How and When to Vent Your Underground Downspout System

//How and When to Vent Your Underground Downspout System

How and When to Vent Your Underground Downspout System

When and How to Use a Vented Downspout SystemWe are yard drainage contractors in Michigan. We’re installing an underground drainage system. We’re burying downspouts. There’s a lot of tricks and tips and things you got to know when you lay out a system. I’m going to go over a couple right now. Hopefully, it helps out the DIY guy and if you’re looking for this service, give us a call. We can design a system for you.

Now, the homeowner due to budgetary restraints, wanted to Y this downspout into this downspout.  I wasn’t crazy about it. During a hard rain, there’s a lot of sheet water coming off this roof. Not to mention the second story downspout in fact all that second story water is exiting through that gutter trough.

So, this downspout has already so much water that is responsible for. It’s just ridiculous.  During moderate rain you’re going to get away with this kind of stuff, but you need to use certain tricks. I’ll give you a few pointers right now on how we’re going to make this work for the homeowner. One pipe for these two downspouts to take care of two stories of water over in this trough and then all that flat rooftop, all that sheet water during a hard down pouring rain. So when those gutter troughs are full of water, this is the inside of a gutter trough, that’s it right there.

So when this fills up during an extreme downpour, and they do and they will. This no longer can vent. It’s going to be just full of water.  This through is going to be full of water. So we want to move this water as fast as we possibly can. So here’s a trick that we use. We vent the downspout here. This works really, really amazing. You’re going to pick up a lot more speed. Velocity is key. Velocity what you’re after. It’s a gravity-powered system. When the water falls off the roof down into this underground drainage system, you don’t want to lose the velocity that you have picked up. You don’t want to lose it to a poorly vented system. You don’t want to lose it to a pipe.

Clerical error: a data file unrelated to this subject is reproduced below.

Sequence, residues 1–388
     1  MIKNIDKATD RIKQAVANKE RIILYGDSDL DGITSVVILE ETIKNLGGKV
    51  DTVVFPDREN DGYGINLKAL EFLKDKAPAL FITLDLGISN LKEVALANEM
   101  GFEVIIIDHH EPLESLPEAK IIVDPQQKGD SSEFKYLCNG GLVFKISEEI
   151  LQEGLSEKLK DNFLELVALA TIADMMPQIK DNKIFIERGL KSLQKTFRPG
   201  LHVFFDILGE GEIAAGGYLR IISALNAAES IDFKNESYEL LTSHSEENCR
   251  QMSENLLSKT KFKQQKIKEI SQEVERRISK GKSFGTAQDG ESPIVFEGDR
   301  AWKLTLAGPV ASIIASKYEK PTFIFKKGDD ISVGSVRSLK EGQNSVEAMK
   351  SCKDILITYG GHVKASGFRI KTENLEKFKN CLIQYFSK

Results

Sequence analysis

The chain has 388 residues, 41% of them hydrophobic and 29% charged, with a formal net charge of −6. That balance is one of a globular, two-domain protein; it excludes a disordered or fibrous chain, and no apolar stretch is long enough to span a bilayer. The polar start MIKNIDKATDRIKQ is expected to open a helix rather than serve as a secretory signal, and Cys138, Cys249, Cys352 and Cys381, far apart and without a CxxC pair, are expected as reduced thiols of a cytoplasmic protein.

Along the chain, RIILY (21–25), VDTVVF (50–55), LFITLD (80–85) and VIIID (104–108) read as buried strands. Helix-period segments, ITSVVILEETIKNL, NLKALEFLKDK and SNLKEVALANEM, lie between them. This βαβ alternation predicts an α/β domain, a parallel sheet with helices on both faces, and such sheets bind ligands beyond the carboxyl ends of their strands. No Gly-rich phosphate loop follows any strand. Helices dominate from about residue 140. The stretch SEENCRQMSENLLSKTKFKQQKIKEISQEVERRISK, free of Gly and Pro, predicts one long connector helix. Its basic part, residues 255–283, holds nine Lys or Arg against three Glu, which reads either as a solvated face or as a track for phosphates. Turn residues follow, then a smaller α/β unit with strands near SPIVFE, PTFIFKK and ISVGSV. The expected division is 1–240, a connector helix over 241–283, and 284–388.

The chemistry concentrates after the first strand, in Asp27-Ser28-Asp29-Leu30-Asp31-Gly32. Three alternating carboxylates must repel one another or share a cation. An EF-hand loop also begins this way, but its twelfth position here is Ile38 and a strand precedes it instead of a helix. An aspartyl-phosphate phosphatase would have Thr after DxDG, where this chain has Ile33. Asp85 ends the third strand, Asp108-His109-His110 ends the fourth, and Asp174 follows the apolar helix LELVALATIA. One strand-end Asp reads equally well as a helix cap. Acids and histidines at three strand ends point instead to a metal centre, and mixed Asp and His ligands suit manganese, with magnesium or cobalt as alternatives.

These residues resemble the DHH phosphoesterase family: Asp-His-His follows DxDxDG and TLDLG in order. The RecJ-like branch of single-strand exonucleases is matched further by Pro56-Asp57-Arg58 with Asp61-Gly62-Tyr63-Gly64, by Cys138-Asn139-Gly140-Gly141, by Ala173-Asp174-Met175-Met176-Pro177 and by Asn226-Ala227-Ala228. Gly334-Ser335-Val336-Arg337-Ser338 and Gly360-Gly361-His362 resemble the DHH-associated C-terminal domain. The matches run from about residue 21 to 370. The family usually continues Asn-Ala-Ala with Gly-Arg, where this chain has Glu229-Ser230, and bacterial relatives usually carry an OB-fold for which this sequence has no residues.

With this particular technique that we’re using, you don’t want to use a single wall corrugated pipe. You want to use a dual wall. The differences, there’s your single wall. You can see how it’s got the valleys inside it. You’ll lose velocity due to those valleys.  On a short run or a run with a lot of pitch. It doesn’t matter. They work great, but we have a long run, so we’re going with a smooth wall. Corrugated on the outside, smooth on the inside.

This is a dual wall, so that combined with the venting and when you vent this, I know that the NDS, they fit in these Y’s and that’s what we’re using. For a PVC schedule 40 system, like an industrial system, I’ll use the NDS. They do fit better, but for a good Y, I like the poly lock. The snaps in here, fits really, really nice. That is a great way to vent a downspout system. This is a great way to combine downspouts and move the amount of water necessary to prevent it from backing up on top of the roof and then pouring over causing all kinds of kinds of damage. Matter of fact, to show you what it was doing, here’s a failed retaining wall. Now there’s going to be thousands and thousands of dollars to make this right, but first, we had to correct the drainage.

For underground drainage systems and southeastern Michigan, north Macomb County, North Oakland County, give us a call at 248-505-3065.

 

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By |2019-03-06T16:16:22+00:00February 1st, 2019|Categories: French Drain|Tags: , |Comments Off on How and When to Vent Your Underground Downspout System

About the Author:

Robert Sherwood is a professionally licensed builder at the design, building and consulting company Sherwood Landscape Construction L.L.C. in Romeo, MI. He is an expert in drainage issues teaching homeowners in water management. He has worked thousands of projects successfully removing water from properties. Over the years these clients have benefited and saved money in the preservation of home and property. Robert Sherwood is currently the project manager at Sherwood Landscape Construction L.L.C. and French Drain Man.
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